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It’s one of the scariest things the Bible tells us to do. If you are Christian, confession is part of your walk with Christ. But it’s extremely uncomfortable and many Christians refused to do it because it is uncomfortable.

But the Bible calls us to confess our sins. We wax and wane on all the details. But even though it’s scary to expose our sins to God and others, we must obey as Christians must do what God’s Word prescribed if we sin.

There’s one way to be free from sin, addiction, and bad habits. Confession is God’s gift to us, but we don’t see it that way. When we muster the courage to follow the biblical precedent of confession, freedom floods in.

Forgiving Sins

So why do we continue to confess as Christians? Some people have a theology of Jesus forgiving sins past, present, and future. I’ve put a lot of thought into this, and I originally thought this sounded great.

But after further study, I would ask anyone with this point of view, “Then why are there verses about forgiving one another and God forgive our sins after salvation?” John 1:5-10 distinguishes momentary sins and a sinful lifestyle, promising Jesus forgives every time we confess our sins.

If God forgives all of our sins, even the ones we have yet to commit, why would these verses be in our Bibles, and addressed to Christian churches? It made no sense the more I thought about it.

I approach Christian confession differently now. When we were saved, Jesus forgave our sins, the sins we committed before we committed our lives to him. But he does not forgive us for sins we will commit. If we commit sins as we walk with Jesus, we must confess our sins, seek his forgiveness, and continue to walk with him.

This makes sense when we consider the verses I mentioned above. John teaches that Christians deceive themselves when they live a lifestyle of sin and they still walk with God. Their fellowship with God and other Christians is separated by their sinful lifestyles.

John doesn’t expect Christians to keep on sinning. But he reminds us that Jesus is gracious if we do sin and ask his forgiveness (1 John 1:9). Jesus forgives all our sins. “All our sins” refers to current sins, not future ones.

Paul teaches the same principle. In Romans 6 he teaches we are dead to sin. We don’t react to temptation. We continue to demolish our fleshly desires. This brings victory in him over sin. In Ephesians, Paul says we are dead to sin and alive in Christ (Ephesians 2:1-3).

So sin for the Christian must be rare. But if we momentary lapse into sin, Jesus is still faithful and just, still loving and gracious, to forgive our sins.

Keeping Sin to Myself

Most Christians in the Western world consider sin a private matter. They don’t want to confess sins to anyone, and not publicly. We would rather confess them to God in private prayers.

But the Bible speaks of public confession often in the New Testament. Jesus calls us to go to a brother we have offended and received forgiveness before we offer our gift at the altar (Matthew 5:23-24). This indicates a public place, at a service.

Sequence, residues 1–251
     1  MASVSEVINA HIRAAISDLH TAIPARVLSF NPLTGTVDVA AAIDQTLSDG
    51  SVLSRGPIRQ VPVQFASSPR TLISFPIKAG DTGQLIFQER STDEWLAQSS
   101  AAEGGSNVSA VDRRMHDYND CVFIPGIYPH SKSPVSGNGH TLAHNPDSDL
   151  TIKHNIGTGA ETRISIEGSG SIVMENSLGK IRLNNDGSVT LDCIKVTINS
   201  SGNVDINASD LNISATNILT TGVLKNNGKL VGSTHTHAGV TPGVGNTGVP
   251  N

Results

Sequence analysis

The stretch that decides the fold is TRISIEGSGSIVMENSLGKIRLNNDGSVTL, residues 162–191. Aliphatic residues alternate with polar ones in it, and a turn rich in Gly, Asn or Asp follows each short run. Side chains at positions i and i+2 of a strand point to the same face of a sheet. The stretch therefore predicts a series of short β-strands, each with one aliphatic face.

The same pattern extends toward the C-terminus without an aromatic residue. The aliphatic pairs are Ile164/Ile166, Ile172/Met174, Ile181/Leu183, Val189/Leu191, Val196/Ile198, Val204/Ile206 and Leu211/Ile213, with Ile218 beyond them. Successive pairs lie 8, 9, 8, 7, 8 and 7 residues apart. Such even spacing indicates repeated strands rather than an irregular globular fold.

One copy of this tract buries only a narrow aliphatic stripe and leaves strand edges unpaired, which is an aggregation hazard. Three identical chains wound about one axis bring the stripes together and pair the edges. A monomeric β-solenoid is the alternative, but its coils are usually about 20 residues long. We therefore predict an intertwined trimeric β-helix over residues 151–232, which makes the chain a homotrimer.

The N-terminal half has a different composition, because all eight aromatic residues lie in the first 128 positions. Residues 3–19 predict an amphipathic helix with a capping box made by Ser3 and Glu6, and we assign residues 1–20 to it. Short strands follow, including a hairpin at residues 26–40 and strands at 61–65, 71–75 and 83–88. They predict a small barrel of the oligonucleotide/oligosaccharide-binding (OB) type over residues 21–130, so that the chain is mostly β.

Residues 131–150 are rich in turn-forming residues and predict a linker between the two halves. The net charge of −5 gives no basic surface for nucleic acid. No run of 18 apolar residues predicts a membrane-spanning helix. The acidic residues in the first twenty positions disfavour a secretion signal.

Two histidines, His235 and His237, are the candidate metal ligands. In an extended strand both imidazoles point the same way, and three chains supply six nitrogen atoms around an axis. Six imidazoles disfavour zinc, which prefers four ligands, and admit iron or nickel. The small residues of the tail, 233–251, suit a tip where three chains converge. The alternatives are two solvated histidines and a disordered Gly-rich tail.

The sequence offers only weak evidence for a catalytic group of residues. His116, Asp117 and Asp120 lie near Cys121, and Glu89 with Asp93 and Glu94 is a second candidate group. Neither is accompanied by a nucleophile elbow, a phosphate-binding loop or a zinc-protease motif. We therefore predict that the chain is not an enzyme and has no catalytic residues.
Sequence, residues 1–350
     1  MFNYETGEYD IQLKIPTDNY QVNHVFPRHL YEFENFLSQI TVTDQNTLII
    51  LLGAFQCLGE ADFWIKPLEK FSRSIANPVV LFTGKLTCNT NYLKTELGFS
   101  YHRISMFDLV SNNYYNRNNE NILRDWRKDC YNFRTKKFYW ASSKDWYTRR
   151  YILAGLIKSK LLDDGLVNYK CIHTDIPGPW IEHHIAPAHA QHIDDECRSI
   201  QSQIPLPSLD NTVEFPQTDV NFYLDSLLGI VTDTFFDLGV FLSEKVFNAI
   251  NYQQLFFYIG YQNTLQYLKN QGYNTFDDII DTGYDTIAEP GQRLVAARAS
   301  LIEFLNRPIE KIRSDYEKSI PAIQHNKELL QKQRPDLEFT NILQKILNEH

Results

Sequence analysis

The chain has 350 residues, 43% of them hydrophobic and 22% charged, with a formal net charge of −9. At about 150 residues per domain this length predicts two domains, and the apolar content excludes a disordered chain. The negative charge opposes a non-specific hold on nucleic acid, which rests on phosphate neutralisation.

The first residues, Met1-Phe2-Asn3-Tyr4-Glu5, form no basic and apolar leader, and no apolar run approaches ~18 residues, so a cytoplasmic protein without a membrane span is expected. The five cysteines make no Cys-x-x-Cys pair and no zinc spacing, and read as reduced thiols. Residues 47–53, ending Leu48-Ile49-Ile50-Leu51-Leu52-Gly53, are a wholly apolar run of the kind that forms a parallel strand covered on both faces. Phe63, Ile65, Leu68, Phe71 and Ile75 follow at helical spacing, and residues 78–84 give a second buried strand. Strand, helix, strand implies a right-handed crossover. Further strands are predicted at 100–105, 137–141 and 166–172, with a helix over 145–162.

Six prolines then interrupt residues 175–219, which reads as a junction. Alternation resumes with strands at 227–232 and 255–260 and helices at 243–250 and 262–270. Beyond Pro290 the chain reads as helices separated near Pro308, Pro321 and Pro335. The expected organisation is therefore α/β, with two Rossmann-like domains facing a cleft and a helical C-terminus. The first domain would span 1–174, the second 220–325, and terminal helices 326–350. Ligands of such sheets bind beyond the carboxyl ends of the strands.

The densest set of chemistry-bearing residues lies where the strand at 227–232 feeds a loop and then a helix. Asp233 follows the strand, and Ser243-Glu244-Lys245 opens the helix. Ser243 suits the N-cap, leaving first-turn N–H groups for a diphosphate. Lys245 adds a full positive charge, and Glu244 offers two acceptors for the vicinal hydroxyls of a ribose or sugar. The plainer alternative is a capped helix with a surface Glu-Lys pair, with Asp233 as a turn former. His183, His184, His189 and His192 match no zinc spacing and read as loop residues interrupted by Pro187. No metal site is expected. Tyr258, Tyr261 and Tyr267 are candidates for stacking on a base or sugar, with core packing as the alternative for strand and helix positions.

Confession to a brother we have wronged can happen privately even in a public place. We deal with it personally. But we still must deal with it in that moment, in that public arena.

The threefold approach Jesus gives us to discipline may turn out to be very public, addressing the whole church with our sin if we refuse to deal with it before then (Matthew 18:15-18). Jesus teaches us to address it one-on-one first, then to have an elder of the church delivery between two parties that refuse to come to forgiveness. And the third if it is still not dealt with is to address the church with the issue.

Nobody wants their sin to become public. It’s incredibly embarrassing. But it has its benefits if it comes to that. If a believer refuses to go through these steps, it’s hard not to address the church and make the sin public. This is why it is better to expose sin to the light and eradicate it.

The Bible talks about hidden sin (Psalm 19:12; 90:8; Job 34:32). It also talks about the entangling sin we continue to fall into (Hebrews 12:1). We must expose this into the light of confession or it will continue to rule over us. We will never be free from sin if we do not confess it.

Hidden sin was believed to be the things we don’t realize we have done that are sin. For instance, in the Old Testament law, a person could commit a sin against God and not realize it was against Old Testament laws.

Hidden sins may be the sins we commit and hide away, not asking for forgiveness from God and not seeking forgiveness from those we offend. We pass them off until we forget about them. We keep them deep down inside not wanting anyone to know about them.

The entangling sin of Hebrews 12:1 is a sin a person continues to commit over and over. Even though we ask for forgiveness from God, and confess the sin, it is a weak spot in our armor. We are susceptible to recommitting them.